I'm reading Sam Harris' "The End of Faith: Religion, Terror and the Future of Reason." So far, I haven't come across anything I didn't already know, but that's because I've been over this territory quite a bit myself. I'm not an atheist, as he apparently claims to be, but I'm not a subscriber to any particular religion anymore either. I've worked my way through a couple of 'em, based largely on reason and study but also on 'getting real' about my own experience.
I had help. Francis Baur, the late Franciscan friar who taught theology's basics to all incoming students, insisted on applying historical critical method and any evidential sources from the sciences to the subject of our interest, namely, God, the Bible, church tradition and Jesus, not necessarily in that order. This was done to off-set the natural religious bias against science that is very common in religious literature and communities, and which is seen perhaps most clearly and publically today in the debate between creationists and evolutionists.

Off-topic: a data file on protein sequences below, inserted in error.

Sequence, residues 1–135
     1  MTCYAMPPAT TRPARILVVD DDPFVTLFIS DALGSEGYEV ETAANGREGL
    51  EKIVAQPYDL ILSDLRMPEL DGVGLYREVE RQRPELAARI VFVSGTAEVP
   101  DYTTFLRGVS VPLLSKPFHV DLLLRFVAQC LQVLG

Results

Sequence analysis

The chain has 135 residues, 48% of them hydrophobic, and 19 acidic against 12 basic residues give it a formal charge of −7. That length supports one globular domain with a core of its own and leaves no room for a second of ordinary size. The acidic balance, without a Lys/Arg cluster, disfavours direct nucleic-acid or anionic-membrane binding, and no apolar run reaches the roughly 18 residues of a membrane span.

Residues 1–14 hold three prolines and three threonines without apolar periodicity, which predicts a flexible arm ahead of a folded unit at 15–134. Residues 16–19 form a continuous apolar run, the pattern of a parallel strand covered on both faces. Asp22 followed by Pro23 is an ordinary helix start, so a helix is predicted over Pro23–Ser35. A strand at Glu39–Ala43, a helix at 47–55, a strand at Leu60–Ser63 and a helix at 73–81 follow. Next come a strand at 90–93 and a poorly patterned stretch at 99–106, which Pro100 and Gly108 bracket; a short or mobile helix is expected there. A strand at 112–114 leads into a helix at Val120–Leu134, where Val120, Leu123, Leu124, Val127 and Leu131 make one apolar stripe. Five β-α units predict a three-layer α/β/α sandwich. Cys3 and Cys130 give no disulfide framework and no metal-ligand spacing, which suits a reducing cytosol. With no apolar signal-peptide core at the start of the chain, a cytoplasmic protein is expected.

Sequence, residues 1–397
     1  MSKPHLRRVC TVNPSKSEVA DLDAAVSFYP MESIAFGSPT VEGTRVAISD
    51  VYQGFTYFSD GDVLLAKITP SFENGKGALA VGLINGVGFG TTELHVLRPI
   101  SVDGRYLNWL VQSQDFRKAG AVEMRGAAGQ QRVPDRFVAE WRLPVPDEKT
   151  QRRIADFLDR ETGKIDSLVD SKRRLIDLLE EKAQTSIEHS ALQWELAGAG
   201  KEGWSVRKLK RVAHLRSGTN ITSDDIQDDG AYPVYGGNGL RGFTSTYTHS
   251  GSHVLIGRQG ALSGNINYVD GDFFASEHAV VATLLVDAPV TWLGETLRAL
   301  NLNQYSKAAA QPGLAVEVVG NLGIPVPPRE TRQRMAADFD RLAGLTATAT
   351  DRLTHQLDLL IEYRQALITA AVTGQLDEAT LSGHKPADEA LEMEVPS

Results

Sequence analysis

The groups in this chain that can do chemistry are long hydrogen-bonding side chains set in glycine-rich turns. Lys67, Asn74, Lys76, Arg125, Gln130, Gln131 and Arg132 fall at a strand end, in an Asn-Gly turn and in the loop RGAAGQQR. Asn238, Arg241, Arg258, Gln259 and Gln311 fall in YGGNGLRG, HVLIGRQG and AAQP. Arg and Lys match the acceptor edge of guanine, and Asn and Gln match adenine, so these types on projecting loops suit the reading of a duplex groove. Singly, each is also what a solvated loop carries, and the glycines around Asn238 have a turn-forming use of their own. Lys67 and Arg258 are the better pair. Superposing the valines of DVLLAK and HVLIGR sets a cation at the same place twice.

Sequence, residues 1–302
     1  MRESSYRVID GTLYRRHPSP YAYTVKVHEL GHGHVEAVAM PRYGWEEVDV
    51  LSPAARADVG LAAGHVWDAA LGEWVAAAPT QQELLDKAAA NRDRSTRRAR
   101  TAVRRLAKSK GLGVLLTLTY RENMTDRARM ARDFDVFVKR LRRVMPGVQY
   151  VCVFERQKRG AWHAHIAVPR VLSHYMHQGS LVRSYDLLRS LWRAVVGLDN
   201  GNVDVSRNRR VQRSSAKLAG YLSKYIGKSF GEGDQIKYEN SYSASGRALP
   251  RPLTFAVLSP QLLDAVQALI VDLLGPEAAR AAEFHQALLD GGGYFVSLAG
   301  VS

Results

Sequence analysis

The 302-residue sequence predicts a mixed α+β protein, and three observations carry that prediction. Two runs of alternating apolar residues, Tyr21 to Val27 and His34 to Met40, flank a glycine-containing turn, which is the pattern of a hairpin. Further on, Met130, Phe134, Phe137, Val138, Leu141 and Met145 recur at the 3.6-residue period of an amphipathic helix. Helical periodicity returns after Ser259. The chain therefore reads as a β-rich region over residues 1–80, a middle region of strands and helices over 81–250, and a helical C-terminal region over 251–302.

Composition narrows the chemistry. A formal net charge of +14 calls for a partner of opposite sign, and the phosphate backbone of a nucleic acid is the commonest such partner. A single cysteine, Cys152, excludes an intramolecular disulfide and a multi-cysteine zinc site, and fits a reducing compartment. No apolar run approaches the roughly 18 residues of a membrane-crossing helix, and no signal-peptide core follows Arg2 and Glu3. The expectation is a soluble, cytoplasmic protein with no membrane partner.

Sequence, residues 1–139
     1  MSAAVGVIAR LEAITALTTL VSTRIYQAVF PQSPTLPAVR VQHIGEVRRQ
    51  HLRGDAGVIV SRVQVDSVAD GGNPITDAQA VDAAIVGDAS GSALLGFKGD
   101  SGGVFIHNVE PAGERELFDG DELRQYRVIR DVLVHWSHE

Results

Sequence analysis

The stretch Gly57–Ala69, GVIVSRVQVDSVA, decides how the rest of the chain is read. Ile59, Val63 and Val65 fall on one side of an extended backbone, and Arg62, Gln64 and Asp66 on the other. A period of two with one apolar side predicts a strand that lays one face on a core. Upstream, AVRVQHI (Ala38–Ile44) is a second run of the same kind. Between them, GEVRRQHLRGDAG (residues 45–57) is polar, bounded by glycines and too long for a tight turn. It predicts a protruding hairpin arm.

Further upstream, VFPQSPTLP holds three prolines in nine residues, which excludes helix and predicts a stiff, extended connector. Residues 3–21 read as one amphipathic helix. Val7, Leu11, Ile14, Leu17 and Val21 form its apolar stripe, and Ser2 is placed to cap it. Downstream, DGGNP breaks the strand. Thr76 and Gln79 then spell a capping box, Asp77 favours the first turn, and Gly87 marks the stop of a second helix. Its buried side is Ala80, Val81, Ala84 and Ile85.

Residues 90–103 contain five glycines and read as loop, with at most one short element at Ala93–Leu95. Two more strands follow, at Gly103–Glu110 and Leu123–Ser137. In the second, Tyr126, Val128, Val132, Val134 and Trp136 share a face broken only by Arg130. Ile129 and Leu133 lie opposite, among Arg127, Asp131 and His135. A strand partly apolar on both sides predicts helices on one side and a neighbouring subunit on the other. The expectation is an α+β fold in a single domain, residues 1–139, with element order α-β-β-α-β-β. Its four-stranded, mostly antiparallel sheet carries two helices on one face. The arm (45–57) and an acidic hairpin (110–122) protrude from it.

As soon as we got in the classroom, he demonstrated right away just how much faith we all place in science, in everything from driving our cars and flying in airplanes, to seeking modern medical care, enjoying media technology, and believing in the solar system. Some of the priestly hopefuls quickly transferred to other schools. My theory is that somehow their sense of identity and well-being was tied up in ignoring this split within themselves, and identifying their 'beliefs' one-sidedly with the religious pole of their thinking. Harris writes eloquently on the wedding of ignorance and knowledge in religious moderates. I think Francis Baur would agree, because he was tough, he had 'tough-love' for christianty. For myself, I evolved an understanding of the bible as a combination of mythology and legend. I love both of these, so I'm okay with that. In my view, myth and legend are primarily telling us something spiritual about ourselves, and their historic interest is secondary to that.